• Junior/Cadette/Senior/Ambassador Patrol or Team System: In this system, large troops divide into small groups, with every member playing a role. Teams of four to six girls are recommended so that each girl gets a chance to participate and express her opinions. Patrols may be organized by interests or activitiesthat feed into a Take Action project, with each team taking responsibility for some part of the total project; girls may even enjoy coming up with names for their teams.
  • Junior/Cadette/Senior/Ambassador Executive Board: In the executive board system (also called a steering committee), one leadership team makes decisions for the entire troop. The board’s responsibility is to plan activitiesand assign jobs based on interests and needs, and the rest of the troop decides how to pass their ideas and suggestions to the executive board throughout the year. The executive board usually has a president, vice president, secretary, and treasurer and holds its own meetings to discuss troop matters. Limit the length of time each girl serves on the executive board so all troop members can participate during the year.
  • Junior/Cadette/Senior/Ambassador Town Meeting: Under the town meeting system, business is discussed and decisions are made at meetings attended by all the girls in the troop. As in the patrol and executive board systems, everyone gets the chance to participate in decision-making and leadership. Your role is to act as a moderator, who makes sure everyone gets a chance to talk and that all ideas are considered.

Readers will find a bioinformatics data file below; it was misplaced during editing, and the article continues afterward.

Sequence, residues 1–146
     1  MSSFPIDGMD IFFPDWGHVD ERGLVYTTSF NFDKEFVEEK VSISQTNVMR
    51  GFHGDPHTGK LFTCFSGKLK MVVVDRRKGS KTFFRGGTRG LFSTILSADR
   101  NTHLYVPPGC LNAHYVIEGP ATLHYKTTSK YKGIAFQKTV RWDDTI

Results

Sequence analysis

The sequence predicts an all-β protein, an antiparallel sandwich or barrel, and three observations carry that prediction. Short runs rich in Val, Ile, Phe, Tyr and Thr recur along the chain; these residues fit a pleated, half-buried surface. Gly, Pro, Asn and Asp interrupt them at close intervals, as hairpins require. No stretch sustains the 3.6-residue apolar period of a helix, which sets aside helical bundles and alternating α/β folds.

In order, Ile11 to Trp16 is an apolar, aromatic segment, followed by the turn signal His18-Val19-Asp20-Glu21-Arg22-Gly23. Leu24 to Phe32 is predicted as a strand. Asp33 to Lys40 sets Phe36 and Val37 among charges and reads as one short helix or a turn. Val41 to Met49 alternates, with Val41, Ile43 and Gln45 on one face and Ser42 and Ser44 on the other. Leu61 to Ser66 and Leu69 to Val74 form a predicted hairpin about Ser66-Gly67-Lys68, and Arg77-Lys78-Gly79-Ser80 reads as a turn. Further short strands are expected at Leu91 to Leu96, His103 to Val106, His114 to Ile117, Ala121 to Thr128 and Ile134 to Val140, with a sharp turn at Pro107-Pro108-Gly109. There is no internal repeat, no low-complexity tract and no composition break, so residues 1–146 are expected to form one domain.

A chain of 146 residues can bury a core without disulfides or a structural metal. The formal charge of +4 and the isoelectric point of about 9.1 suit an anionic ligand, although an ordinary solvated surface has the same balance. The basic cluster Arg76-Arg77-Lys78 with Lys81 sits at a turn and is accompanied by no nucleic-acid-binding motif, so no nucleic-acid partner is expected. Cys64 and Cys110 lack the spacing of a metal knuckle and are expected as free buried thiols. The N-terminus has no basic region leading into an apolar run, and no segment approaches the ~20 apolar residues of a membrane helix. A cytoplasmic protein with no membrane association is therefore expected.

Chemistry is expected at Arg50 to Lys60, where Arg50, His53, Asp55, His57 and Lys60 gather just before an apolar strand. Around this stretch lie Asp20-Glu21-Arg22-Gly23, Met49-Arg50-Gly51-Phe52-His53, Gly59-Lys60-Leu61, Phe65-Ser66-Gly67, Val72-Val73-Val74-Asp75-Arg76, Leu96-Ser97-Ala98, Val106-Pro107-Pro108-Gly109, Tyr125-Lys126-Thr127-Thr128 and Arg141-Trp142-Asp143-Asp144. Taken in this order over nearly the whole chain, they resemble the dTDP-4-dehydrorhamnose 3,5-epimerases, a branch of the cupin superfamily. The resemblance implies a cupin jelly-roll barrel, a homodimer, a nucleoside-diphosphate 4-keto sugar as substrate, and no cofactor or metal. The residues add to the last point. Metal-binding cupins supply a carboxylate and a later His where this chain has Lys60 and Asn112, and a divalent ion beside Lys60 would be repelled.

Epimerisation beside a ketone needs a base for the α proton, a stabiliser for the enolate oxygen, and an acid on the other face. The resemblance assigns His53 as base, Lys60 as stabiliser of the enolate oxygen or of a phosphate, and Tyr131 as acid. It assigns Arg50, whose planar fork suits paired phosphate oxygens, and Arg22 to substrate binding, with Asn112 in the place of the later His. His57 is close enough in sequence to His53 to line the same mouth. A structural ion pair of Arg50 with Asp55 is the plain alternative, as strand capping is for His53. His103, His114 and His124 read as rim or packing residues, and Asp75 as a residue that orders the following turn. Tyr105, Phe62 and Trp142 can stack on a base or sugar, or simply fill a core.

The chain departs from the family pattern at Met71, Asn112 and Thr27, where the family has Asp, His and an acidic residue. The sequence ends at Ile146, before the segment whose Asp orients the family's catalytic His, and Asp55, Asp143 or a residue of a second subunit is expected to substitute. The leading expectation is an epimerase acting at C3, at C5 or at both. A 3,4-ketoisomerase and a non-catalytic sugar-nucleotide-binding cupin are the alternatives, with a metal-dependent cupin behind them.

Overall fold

Transporting Girls

How parents decide to transport girls between their homes and Girl Scout meeting places is each parent’s decision and responsibility.

For planned Girl Scout field trips and other activities—outside the normal time and place—in which a group will be transported in private vehicles:

  • Every driver must be an approved adult* volunteer and have a good driving record, a valid license, and a registered/insured vehicle.
  • Girls never drive other girls.
  • If a group is traveling in one vehicle, there must be at least two unrelated, approved adult volunteers in the vehicle, one of whom is female, and the girl-volunteer ratios in Volunteer Essentials must be followed.
  • If a group is traveling in more than one vehicle, the entire group must consist of at least two unrelated, approved adult volunteers, one of whom is female, and the girl-volunteer ratios in Volunteer Essentials must be followed. Care should be taken so that a single car (with a single adult driver) is not separated from the group for an extended length of time.

*“Adult” is defined as being 21 years old and holds a valid operator's license appropriate to the vehicle.

For more about driving, see the “Transporting Girls” section of the “Safety-First” chapter of this handbook.